News Story

First Latter-day Saint Missionary Born 200 Years Ago Today

Samuel Smith, the first missionary for The Church of Jesus Christ of Latter-day Saints and brother of the Church's first president Joseph Smith, was born on this day 200 years ago.

Elder M. Russell Ballard, a Church apostle as well as a descendant of Hyrum Smith, a brother of Samuel and Joseph, spoke Sunday evening in the Salt Lake Tabernacle about the first Mormon missionary’s legacy.

“Since Samuel’s first missionary service,” said Elder Ballard, “the Church has called over one million missionaries to serve in 348 missions, now teaching the gospel in 176 nations and in 164 languages and dialects.”

“His missionary journeys between 1830 and 1833 covered over 4,000 miles.”

Elder Ballard said that while Samuel Smith did not bring any new members into the Church during his first mission, in New England, his giving copies of the Book of Mormon to those he met led to the subsequent conversion of Brigham Young, Heber C. Kimball and their families.

Samuel Smith introduced Oliver Cowdery to his brother Joseph. Cowdery became a close friend, scribe and fellow leader alongside the Church’s first president. After Joseph Smith and Cowdery were baptized in 1829, Samuel Smith was the third person baptized into the Church.

For a time Smith also served as scribe during the translation process of the Book of Mormon. He was one of the original six members of the Church when it was formally organized on 6 April 1830.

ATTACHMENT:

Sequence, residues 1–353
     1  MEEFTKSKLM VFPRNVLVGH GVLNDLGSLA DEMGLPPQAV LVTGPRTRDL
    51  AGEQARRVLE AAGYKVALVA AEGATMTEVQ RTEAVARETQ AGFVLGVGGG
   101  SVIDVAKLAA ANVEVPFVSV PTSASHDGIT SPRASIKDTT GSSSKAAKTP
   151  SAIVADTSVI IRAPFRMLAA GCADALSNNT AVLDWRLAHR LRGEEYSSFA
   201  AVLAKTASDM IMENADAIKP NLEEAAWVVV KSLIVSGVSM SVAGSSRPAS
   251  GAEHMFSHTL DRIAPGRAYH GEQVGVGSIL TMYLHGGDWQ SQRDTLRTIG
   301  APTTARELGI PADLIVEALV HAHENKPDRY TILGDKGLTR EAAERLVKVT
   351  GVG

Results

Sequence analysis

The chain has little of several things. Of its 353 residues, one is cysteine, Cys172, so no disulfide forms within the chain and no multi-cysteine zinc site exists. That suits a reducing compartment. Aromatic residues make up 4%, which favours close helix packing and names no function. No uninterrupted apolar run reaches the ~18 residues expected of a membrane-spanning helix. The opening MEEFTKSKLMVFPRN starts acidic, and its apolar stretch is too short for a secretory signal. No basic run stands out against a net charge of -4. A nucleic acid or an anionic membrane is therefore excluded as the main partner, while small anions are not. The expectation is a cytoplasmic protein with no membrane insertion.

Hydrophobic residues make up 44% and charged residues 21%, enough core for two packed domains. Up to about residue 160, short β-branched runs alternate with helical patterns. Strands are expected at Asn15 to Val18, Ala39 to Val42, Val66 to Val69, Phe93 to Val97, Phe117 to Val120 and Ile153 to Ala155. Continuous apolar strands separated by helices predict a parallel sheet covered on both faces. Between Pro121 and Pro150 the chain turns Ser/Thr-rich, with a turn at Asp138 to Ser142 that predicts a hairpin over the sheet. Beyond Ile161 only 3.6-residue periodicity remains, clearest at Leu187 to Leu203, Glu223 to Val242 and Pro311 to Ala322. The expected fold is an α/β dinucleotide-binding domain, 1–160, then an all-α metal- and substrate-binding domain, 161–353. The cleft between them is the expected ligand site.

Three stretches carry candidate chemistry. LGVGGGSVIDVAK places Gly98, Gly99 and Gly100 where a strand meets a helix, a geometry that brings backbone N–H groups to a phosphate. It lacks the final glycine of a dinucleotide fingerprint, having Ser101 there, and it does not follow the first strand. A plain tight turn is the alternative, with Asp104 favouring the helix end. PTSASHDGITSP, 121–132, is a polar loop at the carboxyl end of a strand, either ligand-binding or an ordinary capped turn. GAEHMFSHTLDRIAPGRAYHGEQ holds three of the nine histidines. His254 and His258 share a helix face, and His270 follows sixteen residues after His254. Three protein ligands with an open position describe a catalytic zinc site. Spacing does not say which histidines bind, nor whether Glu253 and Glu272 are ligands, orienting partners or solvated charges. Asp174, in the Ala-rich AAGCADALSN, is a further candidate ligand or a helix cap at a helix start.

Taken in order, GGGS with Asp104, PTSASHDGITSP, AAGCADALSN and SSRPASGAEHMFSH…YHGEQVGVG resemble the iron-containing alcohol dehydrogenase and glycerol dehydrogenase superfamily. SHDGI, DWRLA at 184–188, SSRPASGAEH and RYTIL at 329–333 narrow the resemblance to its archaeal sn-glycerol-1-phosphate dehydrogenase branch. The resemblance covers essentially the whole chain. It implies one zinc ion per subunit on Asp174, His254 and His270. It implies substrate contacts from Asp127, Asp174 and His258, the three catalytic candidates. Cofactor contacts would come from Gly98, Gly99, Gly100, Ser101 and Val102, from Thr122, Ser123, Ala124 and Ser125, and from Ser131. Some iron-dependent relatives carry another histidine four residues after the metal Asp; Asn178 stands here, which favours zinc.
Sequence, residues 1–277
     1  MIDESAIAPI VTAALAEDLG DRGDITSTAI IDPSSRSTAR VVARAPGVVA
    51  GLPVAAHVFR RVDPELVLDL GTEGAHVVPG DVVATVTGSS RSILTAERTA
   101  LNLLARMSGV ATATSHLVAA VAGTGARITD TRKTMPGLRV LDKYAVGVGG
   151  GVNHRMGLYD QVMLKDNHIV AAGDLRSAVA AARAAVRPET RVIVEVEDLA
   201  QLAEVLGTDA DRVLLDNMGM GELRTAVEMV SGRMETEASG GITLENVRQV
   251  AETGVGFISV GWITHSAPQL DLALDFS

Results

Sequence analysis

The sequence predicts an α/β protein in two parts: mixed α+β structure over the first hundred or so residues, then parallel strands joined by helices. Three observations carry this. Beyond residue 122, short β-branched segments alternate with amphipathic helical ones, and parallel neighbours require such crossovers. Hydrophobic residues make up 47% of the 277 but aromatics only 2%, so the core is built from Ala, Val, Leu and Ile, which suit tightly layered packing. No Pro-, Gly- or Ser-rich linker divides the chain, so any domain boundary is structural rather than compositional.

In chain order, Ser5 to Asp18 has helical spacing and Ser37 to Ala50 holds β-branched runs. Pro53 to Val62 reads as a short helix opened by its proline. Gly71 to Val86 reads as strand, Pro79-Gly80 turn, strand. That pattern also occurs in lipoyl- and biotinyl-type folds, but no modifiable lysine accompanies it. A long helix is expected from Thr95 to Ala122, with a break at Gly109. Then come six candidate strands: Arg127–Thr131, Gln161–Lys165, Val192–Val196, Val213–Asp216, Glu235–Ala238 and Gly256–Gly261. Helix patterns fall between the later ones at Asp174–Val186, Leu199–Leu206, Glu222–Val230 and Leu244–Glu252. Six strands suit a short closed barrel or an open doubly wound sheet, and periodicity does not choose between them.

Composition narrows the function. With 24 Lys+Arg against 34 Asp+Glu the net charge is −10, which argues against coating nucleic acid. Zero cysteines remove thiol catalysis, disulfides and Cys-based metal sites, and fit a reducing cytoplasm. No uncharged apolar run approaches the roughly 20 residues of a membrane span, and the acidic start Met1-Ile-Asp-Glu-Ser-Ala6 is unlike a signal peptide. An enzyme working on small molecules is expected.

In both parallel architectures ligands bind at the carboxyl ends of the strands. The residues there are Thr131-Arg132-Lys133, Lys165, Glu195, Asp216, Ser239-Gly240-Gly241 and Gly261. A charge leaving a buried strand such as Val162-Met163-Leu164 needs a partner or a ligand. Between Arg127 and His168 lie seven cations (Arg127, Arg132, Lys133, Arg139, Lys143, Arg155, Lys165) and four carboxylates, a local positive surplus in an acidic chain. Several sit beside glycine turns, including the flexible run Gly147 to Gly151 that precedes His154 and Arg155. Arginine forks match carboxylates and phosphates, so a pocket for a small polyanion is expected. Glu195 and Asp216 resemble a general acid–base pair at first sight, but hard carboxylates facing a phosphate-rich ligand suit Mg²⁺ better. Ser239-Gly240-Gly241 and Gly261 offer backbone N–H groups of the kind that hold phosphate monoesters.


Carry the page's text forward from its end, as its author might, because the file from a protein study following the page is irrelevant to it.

Smith was one of the Eight Witnesses to the Book of Mormon, all of whom stated that they saw and handled the golden plates.

While several others did missionary work before Samuel Smith's missions, such as Thomas B. Marsh, Solomon Chamberlain and members of Smith's family, he was the first to undertake a formal missionary assignmentafter the Church was organized.

Of Samuel Smith, another brother, Don Carlos Smith, said, “Samuel is as faithful as the sun.” 

Smith died in Nauvoo, Illinois, 33 days after his brothers Joseph and Hyrum were killed by a mob in Carthage, Illinois.

“His death was caused by an illness contracted in his exertion to escape the mob while trying to go to the aid of Joseph and Hyrum,” Elder Ballard said. “So in many ways, Samuel was also a martyr.”

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